All you need to know about becoming a professional user of pesticides

The Sustainable Use Directive (SUD) is an EU directive that covers all aspects of pesticides use and was transposed in Ireland in 2012.

As well as pesticides, in Ireland, it is being implemented to include herbicides, fungicides, insecticides, seed dressings and certain rodenticides.

Why was the SUD introduced?

The SUD is aimed at regulating the use plant protection products (PPPs) (i.e. pesticides).

This includes the movement of pesticides from retailer/distributor to application of the pesticides by the professional user, (i.e. farmer, landscaper, etc.).

It’s aimed also at reducing the risks and impacts of pesticide use on human health and the environment.

Furthermore, it’s also aimed at promoting the use of integrated pest management (IPM) and of alternative approaches or techniques to pesticides.

Growing competitive, healthy crops, choosing the correct variety and applying pesticides to get the most from them are included in IPM (i.e. good farming practises).

Who does it apply to?

The directive applies to all of the following:

  • Pesticide Advisors (Teagasc/ACA).
  • Pesticide Distributors (Merchants, Anybody selling chemical/pesticides).
  • Professional users of pesticides (farmers, contractors, sprayer operators, spraying companies).
  • Inspectors of sprayer equipment.

Any person that uses pesticides is regarded as a professional user.

As mentioned above, this includes farmers, contractors, operators, technicians, employers and self-employed people, both in the farming and other sectors.

All professional users had to be registered with the Department of Agriculture by November 26, 2015 and from this date, only a registered professional user can apply pesticides authorised for professional use.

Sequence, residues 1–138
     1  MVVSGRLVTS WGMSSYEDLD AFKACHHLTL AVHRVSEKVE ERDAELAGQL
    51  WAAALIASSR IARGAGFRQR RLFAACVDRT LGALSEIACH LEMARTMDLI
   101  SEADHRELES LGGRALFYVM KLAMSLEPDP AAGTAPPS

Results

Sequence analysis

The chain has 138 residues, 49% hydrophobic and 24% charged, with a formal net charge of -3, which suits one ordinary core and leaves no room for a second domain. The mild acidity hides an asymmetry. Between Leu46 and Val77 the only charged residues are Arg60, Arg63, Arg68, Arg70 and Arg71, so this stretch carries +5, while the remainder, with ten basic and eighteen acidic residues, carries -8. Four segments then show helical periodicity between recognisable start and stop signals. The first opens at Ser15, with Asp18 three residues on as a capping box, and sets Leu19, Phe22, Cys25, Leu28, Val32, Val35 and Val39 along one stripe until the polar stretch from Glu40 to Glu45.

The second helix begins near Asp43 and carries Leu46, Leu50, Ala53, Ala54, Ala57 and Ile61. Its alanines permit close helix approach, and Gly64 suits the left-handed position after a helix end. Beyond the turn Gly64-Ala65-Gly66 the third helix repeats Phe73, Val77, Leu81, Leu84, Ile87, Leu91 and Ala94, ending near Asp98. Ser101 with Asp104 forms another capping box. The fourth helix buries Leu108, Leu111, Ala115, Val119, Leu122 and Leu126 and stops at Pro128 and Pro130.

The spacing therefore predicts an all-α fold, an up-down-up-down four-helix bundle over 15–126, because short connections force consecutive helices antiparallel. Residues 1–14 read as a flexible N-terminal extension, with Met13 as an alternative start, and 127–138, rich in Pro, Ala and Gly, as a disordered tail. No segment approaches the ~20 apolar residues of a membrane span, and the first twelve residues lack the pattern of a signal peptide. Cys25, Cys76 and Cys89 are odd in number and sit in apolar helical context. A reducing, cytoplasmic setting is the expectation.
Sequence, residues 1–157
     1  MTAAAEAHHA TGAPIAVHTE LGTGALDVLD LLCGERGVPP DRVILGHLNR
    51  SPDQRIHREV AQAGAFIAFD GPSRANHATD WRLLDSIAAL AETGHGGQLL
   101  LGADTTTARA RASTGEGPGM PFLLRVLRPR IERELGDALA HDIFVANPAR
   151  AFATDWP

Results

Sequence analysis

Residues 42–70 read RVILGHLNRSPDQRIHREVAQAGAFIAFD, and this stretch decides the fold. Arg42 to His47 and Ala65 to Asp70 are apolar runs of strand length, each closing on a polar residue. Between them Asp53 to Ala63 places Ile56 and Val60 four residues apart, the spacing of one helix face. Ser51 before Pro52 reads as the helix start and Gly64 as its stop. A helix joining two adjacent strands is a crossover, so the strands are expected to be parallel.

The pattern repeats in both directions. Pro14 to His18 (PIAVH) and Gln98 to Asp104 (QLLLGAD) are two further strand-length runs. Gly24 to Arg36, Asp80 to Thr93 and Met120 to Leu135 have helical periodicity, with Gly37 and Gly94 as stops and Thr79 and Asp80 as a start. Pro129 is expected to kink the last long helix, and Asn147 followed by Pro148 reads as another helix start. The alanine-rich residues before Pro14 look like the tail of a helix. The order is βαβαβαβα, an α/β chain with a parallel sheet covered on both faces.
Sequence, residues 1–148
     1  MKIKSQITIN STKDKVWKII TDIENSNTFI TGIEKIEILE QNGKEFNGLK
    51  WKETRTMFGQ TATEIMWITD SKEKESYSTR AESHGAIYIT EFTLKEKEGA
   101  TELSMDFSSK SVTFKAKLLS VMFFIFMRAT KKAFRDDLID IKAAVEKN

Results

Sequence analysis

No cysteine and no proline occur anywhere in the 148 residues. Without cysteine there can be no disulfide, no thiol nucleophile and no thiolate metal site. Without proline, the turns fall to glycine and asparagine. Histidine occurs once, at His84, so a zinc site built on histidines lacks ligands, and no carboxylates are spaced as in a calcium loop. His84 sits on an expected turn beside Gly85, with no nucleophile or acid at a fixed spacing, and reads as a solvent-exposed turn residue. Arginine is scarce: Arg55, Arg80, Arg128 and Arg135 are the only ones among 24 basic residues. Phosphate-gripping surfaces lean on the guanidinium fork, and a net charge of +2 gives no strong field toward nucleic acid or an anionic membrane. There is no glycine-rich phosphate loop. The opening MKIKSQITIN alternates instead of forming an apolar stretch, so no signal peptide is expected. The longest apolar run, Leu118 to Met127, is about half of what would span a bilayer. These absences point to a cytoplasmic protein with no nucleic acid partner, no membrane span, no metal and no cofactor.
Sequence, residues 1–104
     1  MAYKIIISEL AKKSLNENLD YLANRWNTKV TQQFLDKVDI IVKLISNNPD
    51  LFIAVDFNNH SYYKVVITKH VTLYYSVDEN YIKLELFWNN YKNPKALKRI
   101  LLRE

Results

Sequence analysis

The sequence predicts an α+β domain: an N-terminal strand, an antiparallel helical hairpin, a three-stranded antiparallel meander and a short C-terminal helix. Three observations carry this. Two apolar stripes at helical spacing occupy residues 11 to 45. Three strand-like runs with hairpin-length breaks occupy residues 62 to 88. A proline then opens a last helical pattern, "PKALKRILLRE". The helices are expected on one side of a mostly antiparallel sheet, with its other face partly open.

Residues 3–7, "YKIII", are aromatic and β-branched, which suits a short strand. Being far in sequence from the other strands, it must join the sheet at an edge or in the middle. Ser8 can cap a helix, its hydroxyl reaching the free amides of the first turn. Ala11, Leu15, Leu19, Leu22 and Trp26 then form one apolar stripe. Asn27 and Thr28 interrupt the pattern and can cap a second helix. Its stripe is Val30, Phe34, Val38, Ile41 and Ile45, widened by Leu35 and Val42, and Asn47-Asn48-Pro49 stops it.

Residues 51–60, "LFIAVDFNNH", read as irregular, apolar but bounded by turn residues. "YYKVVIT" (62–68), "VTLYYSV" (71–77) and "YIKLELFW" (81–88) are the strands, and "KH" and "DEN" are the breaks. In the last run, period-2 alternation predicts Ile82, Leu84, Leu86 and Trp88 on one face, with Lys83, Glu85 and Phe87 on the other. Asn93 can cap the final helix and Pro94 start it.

How do I become a professional pesticides user?

A farmer must register with the Department if he/she wants to become a professional user.

Farmers who have completed any of the following courses can be recognised as a professional user:

  • Teagasc Pesticide Application module as included in 1-year cert or 2-year diploma courses.
  • Teagasc Pesticide Application module – standalone course.
  • FETAC 5N0731 – Hand Held Pesticide Application.
  • FETAC 5N1797 – Boom Sprayer Pesticide Application.
  • City & Guilds PA1 – Safe Use of Pesticides + PA2a – Boom Sprayer.
  • City & Guilds PA1 – Safe Use of Pesticides + PA6 – Hand Held Applicator.
  • Lantra Awards – Level 2 Award in the Safe Use of Pesticides with Level 2 Award in the Safe Application of Pesticides using Hand Held Equipment.
  • Lantra Awards – Level 2 Award in the Safe Use of Pesticides with Level 2 Award in the Safe Application of Pesticides using Vehicle mounted Boom sprayer equipment.
  • Registered Pesticide Advisor (PA).

Alternatively, there are a number of private companies offering courses at varying cost levels. Some of these courses vary in length from one day to several days.

Teagasc has a great step-by-step guide on how to register as a professional user.

R952i trailed sprayer

If I’m not registered as a professional user can I still buy pesticides?

Individuals who are not registered as a professional user can buy pesticides authorised for professional use but these pesticides must be applied by a registered professional user.

There is a requirement to keep appropriate records with details of the registered professional user who applied the pesticides.

If I’m not registered does that mean I can’t use any pesticides?

Products approved for amateur use can be purchased and used without restriction by anybody, and
without the need for any training or Department registration.

Restrictions as to the category of user of a pesticide can generally be found on the product label but
the status of all products is available in the product details which are available here on the PCS website.